A new interview addressing many thorny issues of contemporary democracy. Left-wing populist movements across the globe, malfunctions of representative democracy, the dialectic between people and politicians, horizontal and vertical dimensions of populist mobilisation, the potential democratic renewal inherent in forms of direct democracy, the future of social democracy. This, and much more, in a fluvial chat with Giorgos Katsambekis.
We serve fresh populism, of all types.
Hot summer in Europe. Tsipras asked the Greek people to refuse the conditions of the Troika – and the Greek people answered “oxi”, which is translated as “no” but in this case means “yes Alexis, we’re still with you”; Varoufakis announced – first via Blog and then in T-shirt, cool as usual – that he resigns from his position as Minister in order to help Tsipras with the negotiations; Spain approved a package of measures unprecedented during its democratic history, limiting freedom of expression and public protest; Hungary is preparing to build yet another wall of this Europe under siege, to halt the advance of the refugees on the eastern front.
The Greek referendum marked a watershed in the history of Europe, with consequences that will be fully understood probably in the next decades. Now it’s too early to draw conclusions. The words of Varoufakis from his blog are probably the best way to reflect on what happened: “The superhuman effort to honour the brave people of Greece, and the famous OXI (NO) that they granted to democrats the world over, is just beginning.”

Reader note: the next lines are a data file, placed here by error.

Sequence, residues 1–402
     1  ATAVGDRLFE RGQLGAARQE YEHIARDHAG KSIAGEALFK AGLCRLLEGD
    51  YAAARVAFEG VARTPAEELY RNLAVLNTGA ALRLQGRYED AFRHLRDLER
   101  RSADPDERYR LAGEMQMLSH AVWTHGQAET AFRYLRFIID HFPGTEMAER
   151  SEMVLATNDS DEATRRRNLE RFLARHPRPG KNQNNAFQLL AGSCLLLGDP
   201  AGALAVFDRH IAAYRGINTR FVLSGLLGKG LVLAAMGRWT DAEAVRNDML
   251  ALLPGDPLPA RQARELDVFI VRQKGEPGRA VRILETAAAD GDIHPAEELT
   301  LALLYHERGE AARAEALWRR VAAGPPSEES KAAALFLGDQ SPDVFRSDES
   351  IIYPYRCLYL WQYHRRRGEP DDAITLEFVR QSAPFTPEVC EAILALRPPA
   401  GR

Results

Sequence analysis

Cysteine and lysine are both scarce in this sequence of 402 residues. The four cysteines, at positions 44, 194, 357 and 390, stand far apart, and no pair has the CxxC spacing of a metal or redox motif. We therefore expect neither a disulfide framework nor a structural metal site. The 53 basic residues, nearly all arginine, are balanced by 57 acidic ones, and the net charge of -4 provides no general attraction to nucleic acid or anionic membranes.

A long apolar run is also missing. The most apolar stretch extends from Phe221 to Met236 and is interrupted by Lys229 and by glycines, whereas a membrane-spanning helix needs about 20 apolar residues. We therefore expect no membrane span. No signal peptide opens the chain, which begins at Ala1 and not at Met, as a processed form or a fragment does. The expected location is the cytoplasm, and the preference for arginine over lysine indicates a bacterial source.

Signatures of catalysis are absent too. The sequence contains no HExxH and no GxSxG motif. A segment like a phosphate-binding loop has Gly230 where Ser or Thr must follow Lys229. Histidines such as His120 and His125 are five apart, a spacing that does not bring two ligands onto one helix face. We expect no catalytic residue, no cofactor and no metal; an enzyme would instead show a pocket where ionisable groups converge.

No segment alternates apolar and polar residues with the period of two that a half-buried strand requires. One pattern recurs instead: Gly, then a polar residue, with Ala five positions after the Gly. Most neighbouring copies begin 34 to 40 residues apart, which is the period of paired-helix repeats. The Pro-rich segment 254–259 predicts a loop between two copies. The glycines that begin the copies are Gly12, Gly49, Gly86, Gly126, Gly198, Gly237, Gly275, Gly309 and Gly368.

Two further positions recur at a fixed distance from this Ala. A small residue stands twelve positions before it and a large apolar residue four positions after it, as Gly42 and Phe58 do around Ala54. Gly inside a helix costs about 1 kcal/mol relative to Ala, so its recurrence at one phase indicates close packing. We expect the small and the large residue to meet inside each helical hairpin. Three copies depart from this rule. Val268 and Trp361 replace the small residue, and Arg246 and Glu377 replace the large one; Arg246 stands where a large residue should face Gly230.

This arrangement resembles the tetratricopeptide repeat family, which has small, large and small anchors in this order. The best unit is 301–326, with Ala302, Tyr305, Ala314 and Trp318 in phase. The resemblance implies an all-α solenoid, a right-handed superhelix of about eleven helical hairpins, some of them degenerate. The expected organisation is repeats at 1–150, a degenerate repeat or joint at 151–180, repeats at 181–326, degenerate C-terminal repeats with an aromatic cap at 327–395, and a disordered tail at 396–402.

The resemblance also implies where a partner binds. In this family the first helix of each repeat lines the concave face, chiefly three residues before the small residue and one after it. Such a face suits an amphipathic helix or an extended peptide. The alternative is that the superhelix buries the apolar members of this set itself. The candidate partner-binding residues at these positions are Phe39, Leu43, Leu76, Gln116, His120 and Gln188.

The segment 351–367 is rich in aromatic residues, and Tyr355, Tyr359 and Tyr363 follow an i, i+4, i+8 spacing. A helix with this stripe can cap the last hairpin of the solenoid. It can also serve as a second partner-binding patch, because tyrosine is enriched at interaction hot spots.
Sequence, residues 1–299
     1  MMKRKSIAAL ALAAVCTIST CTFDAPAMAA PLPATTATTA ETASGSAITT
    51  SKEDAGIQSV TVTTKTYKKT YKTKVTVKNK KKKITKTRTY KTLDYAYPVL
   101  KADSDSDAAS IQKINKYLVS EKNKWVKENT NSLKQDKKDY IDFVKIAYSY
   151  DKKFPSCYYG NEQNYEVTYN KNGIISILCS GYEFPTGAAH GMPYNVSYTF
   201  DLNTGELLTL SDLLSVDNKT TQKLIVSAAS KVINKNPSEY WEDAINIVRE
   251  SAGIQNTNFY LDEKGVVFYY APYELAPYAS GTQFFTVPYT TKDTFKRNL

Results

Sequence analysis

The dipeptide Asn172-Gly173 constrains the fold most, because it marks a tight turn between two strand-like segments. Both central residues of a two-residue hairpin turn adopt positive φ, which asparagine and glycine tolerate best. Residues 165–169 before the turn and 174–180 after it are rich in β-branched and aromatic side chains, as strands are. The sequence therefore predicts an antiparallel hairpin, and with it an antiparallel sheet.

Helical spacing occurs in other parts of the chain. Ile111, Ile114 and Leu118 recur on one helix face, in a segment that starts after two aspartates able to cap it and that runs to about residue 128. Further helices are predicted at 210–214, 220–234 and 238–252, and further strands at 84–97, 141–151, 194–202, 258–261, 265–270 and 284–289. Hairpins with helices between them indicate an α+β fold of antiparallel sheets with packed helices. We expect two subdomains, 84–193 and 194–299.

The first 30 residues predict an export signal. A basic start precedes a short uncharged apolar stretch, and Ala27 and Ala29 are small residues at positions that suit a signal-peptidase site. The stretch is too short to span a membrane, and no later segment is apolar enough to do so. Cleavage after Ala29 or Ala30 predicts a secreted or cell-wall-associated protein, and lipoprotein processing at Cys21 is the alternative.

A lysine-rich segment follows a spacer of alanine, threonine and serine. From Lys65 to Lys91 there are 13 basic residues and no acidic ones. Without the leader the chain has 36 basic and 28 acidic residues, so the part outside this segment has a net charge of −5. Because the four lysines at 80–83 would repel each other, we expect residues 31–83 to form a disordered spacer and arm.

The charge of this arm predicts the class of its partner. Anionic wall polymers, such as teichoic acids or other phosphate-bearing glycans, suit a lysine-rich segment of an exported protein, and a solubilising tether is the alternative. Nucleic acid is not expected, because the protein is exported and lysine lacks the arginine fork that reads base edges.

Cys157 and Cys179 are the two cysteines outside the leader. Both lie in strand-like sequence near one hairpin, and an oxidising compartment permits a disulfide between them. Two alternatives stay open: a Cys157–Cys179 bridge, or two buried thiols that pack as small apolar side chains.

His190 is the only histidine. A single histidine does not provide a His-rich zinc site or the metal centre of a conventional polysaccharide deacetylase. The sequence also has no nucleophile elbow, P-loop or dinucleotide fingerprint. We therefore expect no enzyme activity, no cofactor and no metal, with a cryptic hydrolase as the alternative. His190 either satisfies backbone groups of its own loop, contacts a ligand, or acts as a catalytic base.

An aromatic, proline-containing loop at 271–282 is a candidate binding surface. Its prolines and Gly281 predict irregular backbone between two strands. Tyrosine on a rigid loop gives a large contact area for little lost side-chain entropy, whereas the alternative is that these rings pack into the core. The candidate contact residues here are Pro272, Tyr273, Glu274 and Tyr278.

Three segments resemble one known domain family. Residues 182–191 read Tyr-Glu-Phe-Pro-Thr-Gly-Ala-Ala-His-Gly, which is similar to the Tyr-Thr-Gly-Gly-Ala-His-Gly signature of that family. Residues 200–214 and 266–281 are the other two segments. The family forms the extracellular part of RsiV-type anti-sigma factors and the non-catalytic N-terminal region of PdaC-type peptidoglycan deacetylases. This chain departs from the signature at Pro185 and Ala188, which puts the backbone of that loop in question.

This is the first of many interviews that POP will propose in the next months. Scholars, journalists, politicians and experts will answer timing questions about the nature and development of populism. For this first interview, we have Samuele Mazzolini. He is a PhD candidate in Ideology and Discourse Analysis at the University of Essex. His research focuses on the declining hegemony of the Italian Left, read through the lenses of post-Marxist discourse theory. He is also interested in Latin American and European left-wing populism. He previously worked for the Ecuadorian government and is now a regular columnist of the state-owned daily newspaper El Telégrafo. He is also a blogger for the Italian newspaper Il Fatto Quotidiano.
Today, New Zealand counts seven sheep for every person, but the proportion was 20/1 in 1983. Why mentioning such a trivial statistic? Because the populist guys – those who share the concerns of the man of the street – will explain the phenomenon telling us that some conspiracy lurks in the background, maybe some international corporation is stealing sheep in order to manipulate the oil price through the wool price, and the people must know where the sheep have gone. They have the right to know. OK, maybe I am not fair: some of these populist guys are probably smarter than this, or less practical, but this point will become clearer later on.